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I gotta say I'm no expert in the application of clear epoxy, but I used plenty of it in small batches for repairs. I would never want to try to coat a boat bottom with clear epoxy, facing pot life and running issues. The real value of the Interprotech product is its designed easy of application, rolling an entire bottom is a piece of cake. While the finish is a little pebbly, that disappears under two coats of paint.
Slow cure type, thin coats, extremely easy. I prefer hard paints and like my bottom ultra smooth (my boats' too).
Hard paint shows up every "pebble" of Interprotect.

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Last edited by boatpoker; 05-18-2016 at 10:41 PM.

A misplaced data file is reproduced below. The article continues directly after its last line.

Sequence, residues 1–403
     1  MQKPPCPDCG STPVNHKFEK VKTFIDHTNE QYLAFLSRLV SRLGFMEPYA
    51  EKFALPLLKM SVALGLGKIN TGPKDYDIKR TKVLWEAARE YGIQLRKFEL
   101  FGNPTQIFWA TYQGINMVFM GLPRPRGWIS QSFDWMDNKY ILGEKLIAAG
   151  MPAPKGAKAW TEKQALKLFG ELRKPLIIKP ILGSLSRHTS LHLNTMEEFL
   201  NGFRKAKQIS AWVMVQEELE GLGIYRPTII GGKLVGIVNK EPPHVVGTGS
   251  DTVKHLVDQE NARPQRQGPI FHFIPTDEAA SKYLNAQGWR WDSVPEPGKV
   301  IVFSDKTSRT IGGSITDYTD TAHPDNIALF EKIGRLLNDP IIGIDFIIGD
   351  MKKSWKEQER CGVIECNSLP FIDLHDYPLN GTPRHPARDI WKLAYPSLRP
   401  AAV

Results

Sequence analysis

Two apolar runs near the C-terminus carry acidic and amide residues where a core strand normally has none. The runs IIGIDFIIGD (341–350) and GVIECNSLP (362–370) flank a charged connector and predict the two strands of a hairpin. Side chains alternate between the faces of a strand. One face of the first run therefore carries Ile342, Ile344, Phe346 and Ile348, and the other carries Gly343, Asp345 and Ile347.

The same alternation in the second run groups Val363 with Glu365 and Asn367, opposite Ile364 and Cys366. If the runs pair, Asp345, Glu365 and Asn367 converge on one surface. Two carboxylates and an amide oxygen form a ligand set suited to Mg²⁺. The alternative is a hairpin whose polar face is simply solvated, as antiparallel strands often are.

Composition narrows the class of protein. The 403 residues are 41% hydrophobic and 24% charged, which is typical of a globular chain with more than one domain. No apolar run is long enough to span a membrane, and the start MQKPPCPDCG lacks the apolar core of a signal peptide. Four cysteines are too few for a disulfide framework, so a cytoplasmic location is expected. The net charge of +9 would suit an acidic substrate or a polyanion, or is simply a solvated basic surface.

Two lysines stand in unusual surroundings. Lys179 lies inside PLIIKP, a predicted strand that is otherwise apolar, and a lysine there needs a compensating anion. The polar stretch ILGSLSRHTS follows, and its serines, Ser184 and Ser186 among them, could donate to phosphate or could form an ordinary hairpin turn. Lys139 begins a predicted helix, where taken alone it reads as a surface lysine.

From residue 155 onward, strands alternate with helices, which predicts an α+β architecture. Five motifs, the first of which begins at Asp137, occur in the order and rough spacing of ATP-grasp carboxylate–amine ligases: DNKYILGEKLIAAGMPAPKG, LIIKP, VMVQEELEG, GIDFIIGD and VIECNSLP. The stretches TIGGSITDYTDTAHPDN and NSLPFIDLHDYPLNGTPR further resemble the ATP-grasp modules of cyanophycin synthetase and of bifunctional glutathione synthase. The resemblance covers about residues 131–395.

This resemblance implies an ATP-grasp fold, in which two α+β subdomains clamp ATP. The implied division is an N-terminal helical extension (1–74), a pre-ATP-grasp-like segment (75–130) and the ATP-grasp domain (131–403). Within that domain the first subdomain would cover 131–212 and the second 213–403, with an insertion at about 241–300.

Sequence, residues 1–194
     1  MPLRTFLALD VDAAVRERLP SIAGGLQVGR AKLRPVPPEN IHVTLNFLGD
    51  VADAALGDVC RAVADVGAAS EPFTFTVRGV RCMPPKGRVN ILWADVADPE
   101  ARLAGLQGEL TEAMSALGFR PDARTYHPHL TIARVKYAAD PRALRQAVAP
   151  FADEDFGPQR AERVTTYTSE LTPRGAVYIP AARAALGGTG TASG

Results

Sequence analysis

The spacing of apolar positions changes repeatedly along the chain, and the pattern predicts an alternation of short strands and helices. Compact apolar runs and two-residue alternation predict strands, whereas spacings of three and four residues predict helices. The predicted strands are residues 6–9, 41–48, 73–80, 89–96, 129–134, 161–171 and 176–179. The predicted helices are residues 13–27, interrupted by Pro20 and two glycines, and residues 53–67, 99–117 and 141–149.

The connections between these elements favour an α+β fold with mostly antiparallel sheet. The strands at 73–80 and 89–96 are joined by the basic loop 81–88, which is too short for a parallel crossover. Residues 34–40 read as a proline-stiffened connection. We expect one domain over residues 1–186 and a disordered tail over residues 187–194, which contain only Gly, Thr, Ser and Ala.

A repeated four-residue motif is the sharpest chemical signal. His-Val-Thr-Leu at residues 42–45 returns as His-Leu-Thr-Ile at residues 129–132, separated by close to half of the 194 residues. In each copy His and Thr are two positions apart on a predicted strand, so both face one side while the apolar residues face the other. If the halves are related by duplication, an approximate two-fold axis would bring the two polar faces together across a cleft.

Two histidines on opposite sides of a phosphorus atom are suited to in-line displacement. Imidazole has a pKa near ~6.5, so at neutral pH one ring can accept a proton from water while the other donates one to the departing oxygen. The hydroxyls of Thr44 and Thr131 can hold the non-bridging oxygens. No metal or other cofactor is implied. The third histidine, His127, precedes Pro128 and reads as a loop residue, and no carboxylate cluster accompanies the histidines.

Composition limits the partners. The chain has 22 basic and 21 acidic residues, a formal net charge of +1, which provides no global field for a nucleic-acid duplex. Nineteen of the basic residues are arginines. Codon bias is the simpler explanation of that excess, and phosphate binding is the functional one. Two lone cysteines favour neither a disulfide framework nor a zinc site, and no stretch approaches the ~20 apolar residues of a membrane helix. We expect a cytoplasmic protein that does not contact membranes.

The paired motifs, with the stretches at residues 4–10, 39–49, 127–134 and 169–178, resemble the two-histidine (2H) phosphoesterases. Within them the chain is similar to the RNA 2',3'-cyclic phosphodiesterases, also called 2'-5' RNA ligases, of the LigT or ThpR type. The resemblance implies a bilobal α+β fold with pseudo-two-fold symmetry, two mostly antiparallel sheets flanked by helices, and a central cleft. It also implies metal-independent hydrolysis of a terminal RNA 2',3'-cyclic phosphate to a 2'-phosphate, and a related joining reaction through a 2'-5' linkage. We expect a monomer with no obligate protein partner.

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post #16 of 20 Old 05-19-2016 Thread Starter
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So a slow cure would be ok to apply, foam roller?
Would a foam roller disintegrate in epoxy?
I read that the brier coat has to be of a certain thickness, 3 to 6 mil.
That may mean 4 to 6 coats of a clear coat if applied as thin as possible.
I too would be afraid of the runs and drips .
Any good way to prevent those? Maybe adding some microbial loons to the mix.
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post #17 of 20 Old 05-19-2016
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Re: Barrier coat...Which one and why?

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Originally Posted by boatpoker View Post

PS. Another beef ... I currently have eight unanswered emails to Interlux with a question about one of their anti-fouling paints.
Not the best customer service.
That's odd. I had an e-mail answered right away, in addition to three separate phone calls returned within a few hours. You may want to try giving them a call and leaving a message.